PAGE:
This is another area where implementing Security as a Service can be beneficial. Your security program may be able to acquire advanced security tools using the cloud computing concept of economies of scale. The quality and variety of the available security tools is as good as any other internally hosted commercial offerings, but won't cost nearly as much. More importantly, they will be maintained by the cloud provider so you will actually have the time to benefit from using the tools.
3. Access to contextual expertise
Information security is a broad subject; there is no practical way for anyone to know every detail on each aspect. Some security professionals focus on forensics, while others focus on Web application security, for example. Others try to maintain knowledge that is an inch deep but a mile long because there is a lack of human resources available in the organization's security program. This knowledge gap can cause serious blind spots where risk is not easily observed nor mitigated.
Security as a Service can help address this problem. The vendors providing cloud-based security are focused on a particular aspect of information security. There are cloud-based vulnerability scanners that are maintained by experts in detecting exploitable systems on the Internet. Other cloud providers have built their entire network around protecting against denial-of-service (DoS) attacksden. Security as a Service offers organizations the benefit of access to these contextual experts and resources they otherwise could not afford to maintain in-house. This allows the internal security staff to focus less on technical details and more on strategically managing the organization's information security risks.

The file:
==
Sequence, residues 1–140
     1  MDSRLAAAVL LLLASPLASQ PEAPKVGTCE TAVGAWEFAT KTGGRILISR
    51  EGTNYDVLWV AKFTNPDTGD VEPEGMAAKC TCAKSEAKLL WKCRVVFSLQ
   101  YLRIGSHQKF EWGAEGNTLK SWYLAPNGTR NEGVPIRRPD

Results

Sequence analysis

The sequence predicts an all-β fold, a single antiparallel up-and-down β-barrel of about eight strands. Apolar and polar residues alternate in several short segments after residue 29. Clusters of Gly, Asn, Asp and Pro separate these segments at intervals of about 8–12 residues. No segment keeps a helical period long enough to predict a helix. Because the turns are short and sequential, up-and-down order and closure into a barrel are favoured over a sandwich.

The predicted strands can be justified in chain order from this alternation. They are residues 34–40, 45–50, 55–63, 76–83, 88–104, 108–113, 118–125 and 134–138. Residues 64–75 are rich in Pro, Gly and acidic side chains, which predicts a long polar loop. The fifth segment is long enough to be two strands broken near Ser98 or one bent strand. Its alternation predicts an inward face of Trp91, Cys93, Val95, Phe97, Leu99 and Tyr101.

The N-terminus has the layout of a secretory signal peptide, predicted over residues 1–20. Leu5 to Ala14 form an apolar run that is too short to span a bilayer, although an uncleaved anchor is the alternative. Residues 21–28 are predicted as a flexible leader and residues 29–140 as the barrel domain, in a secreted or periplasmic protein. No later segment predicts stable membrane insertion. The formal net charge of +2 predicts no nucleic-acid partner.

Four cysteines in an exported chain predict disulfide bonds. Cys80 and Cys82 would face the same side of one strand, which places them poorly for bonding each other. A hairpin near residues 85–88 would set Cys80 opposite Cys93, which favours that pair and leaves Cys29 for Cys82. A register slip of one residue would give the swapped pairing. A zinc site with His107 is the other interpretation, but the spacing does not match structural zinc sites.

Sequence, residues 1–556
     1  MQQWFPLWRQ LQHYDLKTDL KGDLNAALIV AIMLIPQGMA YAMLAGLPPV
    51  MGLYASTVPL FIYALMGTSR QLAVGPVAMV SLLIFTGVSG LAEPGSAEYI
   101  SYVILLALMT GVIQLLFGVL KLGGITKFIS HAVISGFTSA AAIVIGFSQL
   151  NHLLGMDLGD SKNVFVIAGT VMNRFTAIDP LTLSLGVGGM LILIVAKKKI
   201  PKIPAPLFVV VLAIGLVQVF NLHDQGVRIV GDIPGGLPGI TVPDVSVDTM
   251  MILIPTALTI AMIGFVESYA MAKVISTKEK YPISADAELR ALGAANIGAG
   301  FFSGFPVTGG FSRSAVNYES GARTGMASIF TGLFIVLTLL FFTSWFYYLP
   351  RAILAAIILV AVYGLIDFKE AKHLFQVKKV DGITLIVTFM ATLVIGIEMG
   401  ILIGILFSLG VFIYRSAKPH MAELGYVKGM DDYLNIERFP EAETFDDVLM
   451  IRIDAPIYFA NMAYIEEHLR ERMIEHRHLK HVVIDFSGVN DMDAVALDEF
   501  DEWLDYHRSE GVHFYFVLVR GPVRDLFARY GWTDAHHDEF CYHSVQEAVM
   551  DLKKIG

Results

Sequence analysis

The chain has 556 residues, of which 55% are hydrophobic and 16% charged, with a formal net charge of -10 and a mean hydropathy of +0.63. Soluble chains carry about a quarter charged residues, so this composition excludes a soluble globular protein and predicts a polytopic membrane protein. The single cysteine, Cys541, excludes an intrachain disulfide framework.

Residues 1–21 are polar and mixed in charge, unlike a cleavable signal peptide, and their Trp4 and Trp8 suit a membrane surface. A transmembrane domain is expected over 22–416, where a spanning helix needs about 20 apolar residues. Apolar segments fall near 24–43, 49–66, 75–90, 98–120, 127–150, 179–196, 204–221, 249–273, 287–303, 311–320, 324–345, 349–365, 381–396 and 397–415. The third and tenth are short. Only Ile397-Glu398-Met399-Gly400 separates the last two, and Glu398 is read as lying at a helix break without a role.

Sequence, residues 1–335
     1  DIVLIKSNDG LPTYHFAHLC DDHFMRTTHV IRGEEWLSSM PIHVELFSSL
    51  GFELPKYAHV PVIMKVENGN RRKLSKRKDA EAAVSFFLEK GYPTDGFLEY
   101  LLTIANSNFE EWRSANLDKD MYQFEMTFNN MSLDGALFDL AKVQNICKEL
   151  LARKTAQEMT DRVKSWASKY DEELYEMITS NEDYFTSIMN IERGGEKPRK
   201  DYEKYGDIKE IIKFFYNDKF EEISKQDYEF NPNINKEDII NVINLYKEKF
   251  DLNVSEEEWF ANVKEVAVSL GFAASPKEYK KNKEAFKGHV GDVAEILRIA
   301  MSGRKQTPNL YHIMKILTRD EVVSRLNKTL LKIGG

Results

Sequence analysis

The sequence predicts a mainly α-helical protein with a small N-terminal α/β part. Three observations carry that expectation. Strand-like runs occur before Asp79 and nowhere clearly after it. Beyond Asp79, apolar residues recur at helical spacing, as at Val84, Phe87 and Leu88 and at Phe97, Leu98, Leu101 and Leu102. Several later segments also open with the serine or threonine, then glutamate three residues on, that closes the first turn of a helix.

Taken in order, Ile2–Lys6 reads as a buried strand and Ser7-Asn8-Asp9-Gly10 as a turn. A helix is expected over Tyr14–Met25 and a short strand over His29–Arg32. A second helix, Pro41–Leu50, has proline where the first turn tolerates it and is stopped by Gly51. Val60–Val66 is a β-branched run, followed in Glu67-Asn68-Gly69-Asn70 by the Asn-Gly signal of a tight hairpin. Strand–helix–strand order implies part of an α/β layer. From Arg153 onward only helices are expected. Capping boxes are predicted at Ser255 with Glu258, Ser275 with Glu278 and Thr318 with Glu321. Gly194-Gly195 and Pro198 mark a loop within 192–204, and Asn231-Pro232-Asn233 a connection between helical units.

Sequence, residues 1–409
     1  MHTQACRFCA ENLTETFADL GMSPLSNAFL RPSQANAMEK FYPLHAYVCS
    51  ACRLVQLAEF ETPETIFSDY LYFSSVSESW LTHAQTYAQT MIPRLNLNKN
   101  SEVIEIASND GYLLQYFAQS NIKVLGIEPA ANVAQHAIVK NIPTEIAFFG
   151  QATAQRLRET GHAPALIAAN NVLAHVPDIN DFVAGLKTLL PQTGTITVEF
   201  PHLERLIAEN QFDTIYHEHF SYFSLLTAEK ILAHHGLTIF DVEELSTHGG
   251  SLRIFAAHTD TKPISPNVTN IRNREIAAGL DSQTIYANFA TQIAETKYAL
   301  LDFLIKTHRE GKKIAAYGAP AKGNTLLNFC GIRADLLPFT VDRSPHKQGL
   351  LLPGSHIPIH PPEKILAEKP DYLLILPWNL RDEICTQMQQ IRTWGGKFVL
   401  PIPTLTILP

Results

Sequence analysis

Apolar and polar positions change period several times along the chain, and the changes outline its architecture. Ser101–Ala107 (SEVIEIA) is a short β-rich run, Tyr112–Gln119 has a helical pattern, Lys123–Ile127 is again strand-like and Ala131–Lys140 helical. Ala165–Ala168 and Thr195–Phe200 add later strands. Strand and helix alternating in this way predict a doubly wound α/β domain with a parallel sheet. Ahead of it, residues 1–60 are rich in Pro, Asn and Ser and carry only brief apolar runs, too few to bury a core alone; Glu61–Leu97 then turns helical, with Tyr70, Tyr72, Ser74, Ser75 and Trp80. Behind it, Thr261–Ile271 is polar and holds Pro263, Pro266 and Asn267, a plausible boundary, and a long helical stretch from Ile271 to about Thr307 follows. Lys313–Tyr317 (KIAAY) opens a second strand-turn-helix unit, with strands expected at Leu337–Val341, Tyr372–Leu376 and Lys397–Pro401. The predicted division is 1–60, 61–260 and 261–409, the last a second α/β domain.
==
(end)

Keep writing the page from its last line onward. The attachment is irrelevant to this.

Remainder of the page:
4. Position information security as a business enabler
The information security department is often perceived as putting up roadblocks in the way of organizational initiatives. This can happen for a variety of reasons that may or may not actually be the fault of the information security department. Some people in the organization may not understand the need for encryption or firewall technologies to protect confidential data. Even if they do understand the reasons behind the implementation, they certainly do not understand the time required to implement security technology.
Security as a Service may help resolve this issue as well. It can't help educate the rest of the organization on security requirements, but it can allow much faster implementation of security technologies, which can reduce the perceived organizational project impact. This is one key advantage of any cloud-based security service that security programs must embrace. For example, virtual servers can be configured with identical firewall rules quickly and automatically. This allows the information security department to develop a different relationship with the organization's leaders and could change the perception of information security to that of a business-enabling partner instead of a necessary evil.
A fresh approach
Beyond the broad benefits of Security as a Service, there are specific advantages with some of the newer types of cloud-based security. There are several new services beyond the traditional email and Web filtering Security as a Service solutions that organizations should evaluate. They can help address age-old problems the security industry has been trying to solve with limited success. The introduction of the cloud-computing model provides a fresh approach that could help find some answers to these difficult problems.
Passwords are one of these age-old problems that began at the same time as multi-user computing. A movie from the 1980s depicted a hacker stealing a system password off of a Post-it note. Today, employees continue to leave Post-it notes with passwords under their keyboards. Users have trouble managing a single password, never mind the 10 passwords they are often burdened with in modern environments.